A persistent narrative of narco issues south of the border maintains that violence is largely over the struggle to control drug routes leading into the dope-ridden United States, the world’s largest consumer of illegal drugs. Yet, an increasing share of Mexican narco-violence can be attributed to conflicts over domination of the country’s own expanding domestic market. From Tijuana to Tapachula and from Monterrey to Mexico City, the internal market is thriving as sales of marijuana, cocaine, heroin, ecstasy, and methamphetamine all meet a demand that’s soared since the early 1990s.
“Truth be told, the sale and consumption of drugs has never diminished in this city, said Catalina Castillo, director of Ciudad Juarez’s Independent Popular Organization, a civil society organization that works in low-income communities of the Mexican border city. “One of the things that has us on alert is that every day there are more young consumers, especially adolescents, who are taking drugs.”
Today’s retail drug business is ever more sophisticated, with substances designed and delivered by well-organized, top-down enterprises that employ thousands of people, and which assign each individual a specialized role in a specific market zone. In short, it’s the corporatization of street dealing.
A conservative estimate of the value of the market in Ciudad Juarez alone came up with the sum of $115 million derived annually from the proceeds of 6,000 drug distribution outlets, or “tienditas,” as they are called in popular lingo. Farther to the south, in the state capital of Chihuahua City, the number of small-scale narco-stores is estimated to reach 3,500.
One examination of the geography of drug distribution in Ciudad Juarez reported that 80 percent of the retail drug outlets are located in less than 20 neighborhoods-La Chavena, El Barreal, Riberas del Bravo, and Division del Norte among them. The same neighborhoods have figured high on the zonal list of repeat violent incidents in recent years. A 2012 health department study estimated there were 45,000 drug users in Ciudad Juarez.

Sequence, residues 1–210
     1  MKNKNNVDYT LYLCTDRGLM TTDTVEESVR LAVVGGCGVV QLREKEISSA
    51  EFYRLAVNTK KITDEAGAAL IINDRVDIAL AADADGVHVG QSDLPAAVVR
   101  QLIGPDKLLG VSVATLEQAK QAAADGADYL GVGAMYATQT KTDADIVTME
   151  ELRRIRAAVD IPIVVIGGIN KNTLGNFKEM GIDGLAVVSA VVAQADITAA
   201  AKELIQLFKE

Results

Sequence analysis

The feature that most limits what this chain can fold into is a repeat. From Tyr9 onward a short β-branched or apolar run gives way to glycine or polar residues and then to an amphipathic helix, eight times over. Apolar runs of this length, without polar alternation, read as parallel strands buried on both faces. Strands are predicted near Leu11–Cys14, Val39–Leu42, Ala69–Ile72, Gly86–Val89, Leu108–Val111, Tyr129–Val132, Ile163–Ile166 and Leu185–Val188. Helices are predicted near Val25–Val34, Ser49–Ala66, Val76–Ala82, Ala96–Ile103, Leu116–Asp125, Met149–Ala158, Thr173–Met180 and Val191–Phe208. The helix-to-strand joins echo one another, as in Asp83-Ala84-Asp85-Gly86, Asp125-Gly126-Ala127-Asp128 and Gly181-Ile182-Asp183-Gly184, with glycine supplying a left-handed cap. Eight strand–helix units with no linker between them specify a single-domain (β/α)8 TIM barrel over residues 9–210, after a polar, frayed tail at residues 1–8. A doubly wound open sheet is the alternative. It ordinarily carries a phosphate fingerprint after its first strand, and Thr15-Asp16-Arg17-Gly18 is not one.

In Mexico, consumer segments include factory workers, housewives, professionals, business people, students, and the unemployed. In the Digital Age, modern communications have greatly facilitated the drug trade. Widely publicized in social media, the youth parties known as raves attract hundreds to events where electronic music, drugs, alcohol, and sex are the ritualistic glue.
In a new twist, local police in Chihuahua City this month raided one such rave where they claimed the organizers were raffling off three underage girls for sex. The bash billed a swimming pool, snacks and security as available for attendees. Municipal police reported confiscating small quantities of marijuana, cocaine and pills.
The northern industrial city of Monterrey is another hot drug market. According to one anonymous Mexican military source quoted in the press, the small narco stores, protected by municipal police or members of street gangs, individually bring in about $3,000 every month. Additional distribution functions are performed by strippers at the large number of table dance joints in the city. Thousands of Monterrey residents are employed as packagers, look-outs, distributors and enforcers. Disguised as electronics or textile firms, small processing plants operate around the clock in shifts of 30 mainly female workers, who package the drugs for sale.